The **icosidodecahedron** can be built by truncating either a regular icosahedron or a regular dodecahedron. It has 30 vertices, one at the center of each edge of the icosahedron—or equivalently, one at the center of each edge of the dodecahedron. It is a beautiful, highly symmetrical shape:

But the icosidodecahedron is just a shadow of an even more symmetrical shape with twice as many vertices in twice as many dimensions! Namely, it’s a projection down to 3d space of the **D _{6} root polytope**, a 6-dimensional convex polytope with 60 vertices. You can see all 60 vertices in the movie above, which was made by Greg Egan. They lie on two icosidodecahedra, one larger than the other.

To understand this construction in context, it is helpful to start with the group consisting of rotational symmetries of the icosahedron, or dodecahedron. This group has 60 elements, so its ‘double cover’ consists of 120 unit quaternions.

These 120 unit quaternions are the vertices of a regular polytope in 4 dimensions called the **600-cell**, since it has 600 tetrahedral faces. With suitable coordinates, the coordinates of all these vertices lie in what Conway and Sloane call the **golden field**:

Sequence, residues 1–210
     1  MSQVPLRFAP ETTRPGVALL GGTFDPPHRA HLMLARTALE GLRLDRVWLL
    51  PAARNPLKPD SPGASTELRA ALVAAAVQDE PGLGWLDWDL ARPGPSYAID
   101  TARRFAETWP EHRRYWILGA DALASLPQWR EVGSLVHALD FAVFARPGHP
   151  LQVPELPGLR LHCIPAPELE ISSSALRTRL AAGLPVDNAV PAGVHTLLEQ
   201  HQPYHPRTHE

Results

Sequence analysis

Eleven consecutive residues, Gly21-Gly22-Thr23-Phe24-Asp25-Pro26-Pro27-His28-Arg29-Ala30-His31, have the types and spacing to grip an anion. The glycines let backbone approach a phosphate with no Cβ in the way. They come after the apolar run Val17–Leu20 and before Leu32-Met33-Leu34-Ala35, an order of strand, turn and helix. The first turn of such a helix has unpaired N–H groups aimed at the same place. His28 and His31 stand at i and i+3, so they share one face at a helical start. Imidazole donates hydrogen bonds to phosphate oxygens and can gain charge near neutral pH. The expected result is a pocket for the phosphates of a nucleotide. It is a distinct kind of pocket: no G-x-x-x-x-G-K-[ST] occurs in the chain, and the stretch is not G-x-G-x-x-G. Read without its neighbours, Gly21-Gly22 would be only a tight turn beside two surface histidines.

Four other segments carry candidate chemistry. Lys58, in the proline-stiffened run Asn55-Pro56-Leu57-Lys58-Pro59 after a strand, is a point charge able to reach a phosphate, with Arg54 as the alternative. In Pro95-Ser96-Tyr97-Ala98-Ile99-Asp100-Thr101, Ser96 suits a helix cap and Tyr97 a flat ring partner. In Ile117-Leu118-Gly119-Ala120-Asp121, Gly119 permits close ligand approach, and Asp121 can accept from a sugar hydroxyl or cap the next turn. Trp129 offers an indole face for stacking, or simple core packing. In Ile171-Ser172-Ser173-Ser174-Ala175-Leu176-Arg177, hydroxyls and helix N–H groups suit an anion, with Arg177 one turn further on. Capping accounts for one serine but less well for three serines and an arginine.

$$\mathbb{Q}[\sqrt{5}] = \{ x + y \sqrt{5} : \; x,y \in \mathbb{Q} \} $$

Namely, we can take the 600-cell’s vertices to be

$$ \pm 1 , \quad \frac{\pm 1 \pm i \pm j \pm k}{2}, \quad \frac{\pm i \pm \phi j \pm \Phi k}{2}$$

together with everything obtained from these by *even* permutations of the quaternions $1, i, j, k$, where

$$ \Phi = \frac{\sqrt{5} + 1}{2} = 1.6180339\dots $$

and

$$ \phi = \frac{\sqrt{5} \, – 1}{2} = 0.6180339\dots $$

are the ‘big’ and ‘little’ golden ratios.

Since these 120 quaternions form a group under quaternion multiplication, their integer linear combinations form a subring of the quaternions, which Conway and Sloane call the **icosians**.

Any icosian is of the form

$$ a + bi + cj + dk $$

where the numbers $a,b,c,d$ live in the golden field. Since each of these numbers is of the form $x + y \sqrt{5}$ with $x,y$ rational, we can think of an icosian as an 8-tuple of rational numbers. However, we don’t get all 8-tuples, but only those lying in a certain lattice.